That is a hard loss to take, but it can be mitigated. Losing the rulings will mostly revert decisions on things like abortion and same-sex marriage to the states. This is not at all my ideal, but there is a lot of room for mitigation there. Travel funds can be set up to help people travel for abortions. Local action can be taken to preserve the right to an abortion as broadly as possible. Most people, even among the most single-issue voting abortion opponents, favor allowing abortion to save the life of the mother. A lot of people favor allowing it in cases of rape and incest. More than you suspect, even in red states, are OK with "safe, legal, and rare." We have room to work, and we must take up that work, or women will die. We also need to work to spread information about birth control in states where it is not as easily available. I hope to see some creative ideas on this, since the internet provides lots of avenues to get the message out. But I also know Planned Parenthood is gearing up for the effort.
Similarly, on LGBTQ rights, it will still be illegal to beat someone up. We need to work to make sure that is enforced. There are legal funds we can donate to to help with that. I do not know which are the best groups here, but I plan to find out. Similarly, legal defense funds can help people who need help getting the legal paperwork in place to mimic the rights provided by marriage. Same-sex marriages will remain legal and recognized in many states. All of us can vow to treat people as married if they are married, no matter what the law in our particular state says. In the time since same-sex marriage was a fiercely contested culture war issue, public opinion on it has changed. It is more broadly favored. If we take this fight to the states, we might find we win in places we did not expect to. Again, FAR from my ideal, but there is room to work.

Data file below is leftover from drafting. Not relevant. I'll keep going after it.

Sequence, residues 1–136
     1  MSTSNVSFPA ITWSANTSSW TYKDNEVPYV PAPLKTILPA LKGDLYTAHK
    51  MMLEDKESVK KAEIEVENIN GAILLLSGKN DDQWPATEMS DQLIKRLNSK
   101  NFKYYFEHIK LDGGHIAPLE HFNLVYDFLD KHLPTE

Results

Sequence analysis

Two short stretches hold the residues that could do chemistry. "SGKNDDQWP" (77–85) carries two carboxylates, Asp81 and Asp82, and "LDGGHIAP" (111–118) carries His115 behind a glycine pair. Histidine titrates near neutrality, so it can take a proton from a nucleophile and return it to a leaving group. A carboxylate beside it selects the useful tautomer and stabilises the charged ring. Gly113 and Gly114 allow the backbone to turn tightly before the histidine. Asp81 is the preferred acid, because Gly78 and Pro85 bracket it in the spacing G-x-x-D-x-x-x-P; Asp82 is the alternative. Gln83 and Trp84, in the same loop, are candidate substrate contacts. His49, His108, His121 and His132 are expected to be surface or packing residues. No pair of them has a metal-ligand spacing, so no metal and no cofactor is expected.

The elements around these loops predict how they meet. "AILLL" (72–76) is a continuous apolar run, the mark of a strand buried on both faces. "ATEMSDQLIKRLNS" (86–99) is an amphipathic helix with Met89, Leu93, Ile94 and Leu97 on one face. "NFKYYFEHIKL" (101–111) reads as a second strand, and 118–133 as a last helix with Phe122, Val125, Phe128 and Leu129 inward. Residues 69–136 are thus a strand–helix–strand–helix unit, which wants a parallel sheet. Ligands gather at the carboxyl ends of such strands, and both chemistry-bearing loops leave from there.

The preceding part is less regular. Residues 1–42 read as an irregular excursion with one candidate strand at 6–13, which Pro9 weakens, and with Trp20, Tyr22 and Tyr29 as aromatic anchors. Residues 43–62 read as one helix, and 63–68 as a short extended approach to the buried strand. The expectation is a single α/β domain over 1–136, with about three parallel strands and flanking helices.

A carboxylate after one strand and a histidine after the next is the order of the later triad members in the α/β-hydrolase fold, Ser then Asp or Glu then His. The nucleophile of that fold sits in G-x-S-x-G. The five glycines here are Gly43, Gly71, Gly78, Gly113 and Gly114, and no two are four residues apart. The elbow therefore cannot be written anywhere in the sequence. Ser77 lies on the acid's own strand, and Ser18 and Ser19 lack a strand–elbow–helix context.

I think we came to rely too much on the court, and not enough on elected offices, particularly in "red states," and that was a mistake. I've actually thought that for awhile: change handed down from a group of Supreme Court justices is always going to be harder to accept than change that comes from your own elected representatives. I don't disparage the good those rulings did, but there are other ways, and we may find that those other ways actually get us farther.